A challenging time awaits WTO’s next chief

The head of the World Trade Organization is not a boss in the traditional sense of the word. She neither sets the agenda, nor has the final say on decisions. The power for both lies with the membership, made up of representatives of 164 different jurisdictions. Yet it is with the director-general that responsibility for the reputation of the institution lies. In an era of discord over globalisation, then, the job might sound less of a crowning achievement and more of a poisoned chalice. Yet a heavyweight successor to Roberto Azevêdo can help heal rifts that have left the multilateral negotiating process in tatters.

There are two candidates left — South Korea’s Yoo Myung-hee and Nigeria’s Ngozi Okonjo-Iweala. Ms Yoo, Korea’s trade minister, is well versed in the rules and processes that govern the multilateral system having specialised in this area since the mid-1990s. She is considered unlikely to win the backing of China, however. Ms Okonjo-Iweala, the favourite, has less in-depth knowledge of trade policy but is an economist and, as a former finance minister, also politically savvy. She has displayed a knack for slick communications during her candidacy, while Ms Yoo has been more tight-lipped throughout the process. Ms Okonjo-Iweala has the advantage of experience in running a big international organisation, having chaired the board of Gavi, the vaccine alliance.

The new boss will join a body facing some of the stiffest challenges in its history. The WTO is only 26 years old but has its origins in the aftermath of the second world war, when there was broad recognition of the need to rebuild economies through trade. No longer can it rely on such a consensus. Distrust between the three major economic blocs — China, the US and the EU — has meant that deals in recent decades have been struck regionally.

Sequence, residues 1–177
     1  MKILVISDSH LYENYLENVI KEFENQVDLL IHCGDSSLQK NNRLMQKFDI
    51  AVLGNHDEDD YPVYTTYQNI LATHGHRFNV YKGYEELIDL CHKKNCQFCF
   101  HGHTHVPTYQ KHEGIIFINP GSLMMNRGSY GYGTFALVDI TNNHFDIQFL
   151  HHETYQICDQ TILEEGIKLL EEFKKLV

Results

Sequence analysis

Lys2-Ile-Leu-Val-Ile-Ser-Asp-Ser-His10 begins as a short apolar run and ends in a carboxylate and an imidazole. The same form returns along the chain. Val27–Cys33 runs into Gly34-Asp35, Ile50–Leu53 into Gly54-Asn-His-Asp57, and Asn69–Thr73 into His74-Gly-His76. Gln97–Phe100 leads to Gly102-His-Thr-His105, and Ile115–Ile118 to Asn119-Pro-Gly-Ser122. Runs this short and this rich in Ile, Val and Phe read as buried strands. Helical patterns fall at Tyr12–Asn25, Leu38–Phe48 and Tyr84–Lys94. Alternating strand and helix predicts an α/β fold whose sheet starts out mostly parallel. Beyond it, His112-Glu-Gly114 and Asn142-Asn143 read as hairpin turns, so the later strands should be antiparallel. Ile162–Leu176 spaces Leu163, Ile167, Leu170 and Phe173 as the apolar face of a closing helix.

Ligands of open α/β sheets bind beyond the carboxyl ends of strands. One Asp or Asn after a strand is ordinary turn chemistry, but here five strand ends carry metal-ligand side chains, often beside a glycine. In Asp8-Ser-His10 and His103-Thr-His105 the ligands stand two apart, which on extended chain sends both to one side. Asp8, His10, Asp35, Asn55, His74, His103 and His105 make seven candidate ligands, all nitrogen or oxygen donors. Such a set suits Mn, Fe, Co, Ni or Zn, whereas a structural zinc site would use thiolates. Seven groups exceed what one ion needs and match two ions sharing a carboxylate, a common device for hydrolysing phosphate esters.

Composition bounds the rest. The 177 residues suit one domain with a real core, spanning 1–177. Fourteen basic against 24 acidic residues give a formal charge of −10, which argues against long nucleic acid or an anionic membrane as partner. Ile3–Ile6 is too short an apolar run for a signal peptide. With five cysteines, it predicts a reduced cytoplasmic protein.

The woes of the organisation go beyond the waning impulse towards liberalisation. Internal conflict abounds as insiders grow weary of a legislative process seen to have made no progress since 2013. On top of that the judicial process, by which countries use the WTO as a forum to resolve disputes, has been undermined by the US’s decision to block the new appointees to the appellate body last year. Most agree it is in dire need of reform too. Many viewed the early resignation of Mr Azevêdo as indicative of this sense of frustration.

So where, amid the gloom, do the opportunities lie? A clear one is in helping to shape an economic landscape that is set to look vastly different post-pandemic. The new order will need not only stability in the rules and processes that govern global trade, but a mechanism to help build consensus on how to regulate emerging industries. The WTO is a natural forum for both. The progress on the long-running dispute between Boeing and Airbus should — despite the need to review the appellate process — serve as evidence of the vital role the WTO can play in policing trade. Indeed, with tensions rife, a just, respected referee is vital.

The decision is set for early November. Both candidates are eminently qualified. Either can cite a wealth of experience, which will build trust among the membership. Key to achieving more co-operation is a capacity to ease tensions with the US, where both have studied. The role requires a dealmaker — a skill that Ms Okonjo-Iweala clearly possesses. The new DG must also advocate the benefits of trade in the production and distribution of possible vaccines against Covid-19 and fight critics who argue for reshoring. Given her experience, and the internal politics of the organisation, Nigeria’s candidate seems likely to have the edge.

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